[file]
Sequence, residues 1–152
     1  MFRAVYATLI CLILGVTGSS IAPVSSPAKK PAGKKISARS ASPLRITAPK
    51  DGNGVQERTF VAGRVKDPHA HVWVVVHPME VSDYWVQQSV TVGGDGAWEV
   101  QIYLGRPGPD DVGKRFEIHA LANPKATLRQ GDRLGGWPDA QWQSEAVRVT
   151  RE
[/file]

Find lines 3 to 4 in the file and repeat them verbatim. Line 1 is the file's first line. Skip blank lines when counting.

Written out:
    51  DGNGVQERTF VAGRVKDPHA HVWVVVHPME VSDYWVQQSV TVGGDGAWEV
   101  QIYLGRPGPD DVGKRFEIHA LANPKATLRQ GDRLGGWPDA QWQSEAVRVT